On Just World Theory

I recently read an interview in Peace News with John Tirman author of The Deaths of Others: The Fate of Civilians in America’s Wars. In it Tirman puts forward a number of convincing theories for the American public’s complete lack of concern about the millions of civilians killed in U.S. Wars since 1945.

The concept that particularly caught my attention was his version of Melvin Lerner’s, Just World Theory. “According to this hypothesis, people have a strong desire or need to believe that the world is an orderly, predictable, and just place, where people get what they deserve. Such a belief plays an important function in our lives since in order to plan our lives or achieve our goals we need to assume that our actions will have predictable consequences. Moreover, when we encounter evidence suggesting that the world is not just, we quickly act to restore justice by helping the victim or we persuade ourselves that no injustice has occurred. We either lend assistance or we decide that the rape victim must have asked for it, the homeless person is simply lazy, the fallen star must be an adulterer. These attitudes are continually reinforced in the ubiquitous fairy tales, fables, comic books, cop shows and other morality tales of our culture, in which good is always rewarded and evil punished.”[1]

I’d never heard of this theory until I read this interview and further investigation has proved pretty mind-blowing. I’ve always been baffled by how most ‘normal’ people seem to view the world. You see I’ve always accepted the proposition that “power corrupts” and that therefore all those in power are corrupted, [though in the UK not necessarily (or even usually) corrupt in the criminal sense]. I’ve always taken it as a given that the world can be pretty dark and that we have to be perpetually vigilant to prevent even the well-meaning people fucking everything up, let alone the bastards.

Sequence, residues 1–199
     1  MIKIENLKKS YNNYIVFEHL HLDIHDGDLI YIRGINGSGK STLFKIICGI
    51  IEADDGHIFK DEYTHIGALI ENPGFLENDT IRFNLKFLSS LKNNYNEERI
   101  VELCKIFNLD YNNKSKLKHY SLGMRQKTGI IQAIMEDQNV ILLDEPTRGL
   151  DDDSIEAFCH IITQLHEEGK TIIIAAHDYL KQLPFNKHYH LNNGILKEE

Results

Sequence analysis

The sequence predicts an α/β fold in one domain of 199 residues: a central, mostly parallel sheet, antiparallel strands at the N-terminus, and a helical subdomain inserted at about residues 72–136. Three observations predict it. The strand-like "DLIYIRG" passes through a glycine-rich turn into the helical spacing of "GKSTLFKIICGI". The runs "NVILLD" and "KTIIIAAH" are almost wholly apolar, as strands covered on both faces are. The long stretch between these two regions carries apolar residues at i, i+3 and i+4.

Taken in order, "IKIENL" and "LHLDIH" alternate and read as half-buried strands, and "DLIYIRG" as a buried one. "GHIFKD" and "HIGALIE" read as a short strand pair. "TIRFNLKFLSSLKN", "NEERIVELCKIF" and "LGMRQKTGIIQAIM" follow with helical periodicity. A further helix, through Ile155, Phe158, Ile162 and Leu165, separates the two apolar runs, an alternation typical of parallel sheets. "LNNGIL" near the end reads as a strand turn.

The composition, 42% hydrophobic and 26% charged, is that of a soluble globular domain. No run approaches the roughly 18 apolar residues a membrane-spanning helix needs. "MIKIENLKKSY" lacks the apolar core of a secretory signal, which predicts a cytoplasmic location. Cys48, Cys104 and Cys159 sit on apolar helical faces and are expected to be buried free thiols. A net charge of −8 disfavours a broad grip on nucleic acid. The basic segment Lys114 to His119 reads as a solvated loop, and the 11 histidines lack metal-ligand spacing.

However, It appears that most people believe, or need/try to believe, that all is right with the world, that the cream always rise to the top, that the rich man deserves to be in his castle and the poor man at his feet. That the world and the people who live in it are fundamentally Just.

Intuitively I know that this description of how people see the world is right – the way they see the world I mean, not the way it actually is. It goes a long way to explaining how otherwise good people can come to accept social norms, laws and an economic system that produces such world wide misery and suffering.

If you have a Just World cognitive bias you will believe that the unemployed are lazy, that bankers deserve their bonuses, that Iraqi civilians deserve to die and that starving Africans are the architects of their own misery; If the world is ultimately Just, it has to be that way.

I envy these Just Worlders in a way, a bit like religious believers, it must be great to really, really believe it’s all meant to be and that everyone is getting their just deserts. The only trouble of course, is that it is complete bollocks!


About I Am Not A Number

I Am Not A Number is written by Chris Jury. For 30 years Chris Jury was a TV actor, director and writer best known for playing Eric Catchpole in over 60 episodes of the BBC’s antique classic, Lovejoy, and for directing over 50 episodes of Eastenders. In 2008 he was appointed as the Senior Lecturer in Recorded Media in the School Of Music & Performing Arts at Bath Spa University. He currently presents, Agitpop, a pop & politics radio discussion programme on North Cotswold Community Radio http://www.agitpopradio.org.uk He is currently the Communications Officer for UCU at Bath Spa University and a UCU SW Regional Rep at SWTUC.
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One Response to On Just World Theory

  1. It’s funny how people will make up their minds that reality is such and such and when they have to face the truth that their concept of reality is flawed they get angry and struggle to resist admitting that their view of the world was warped – eventhough it may be obvious.

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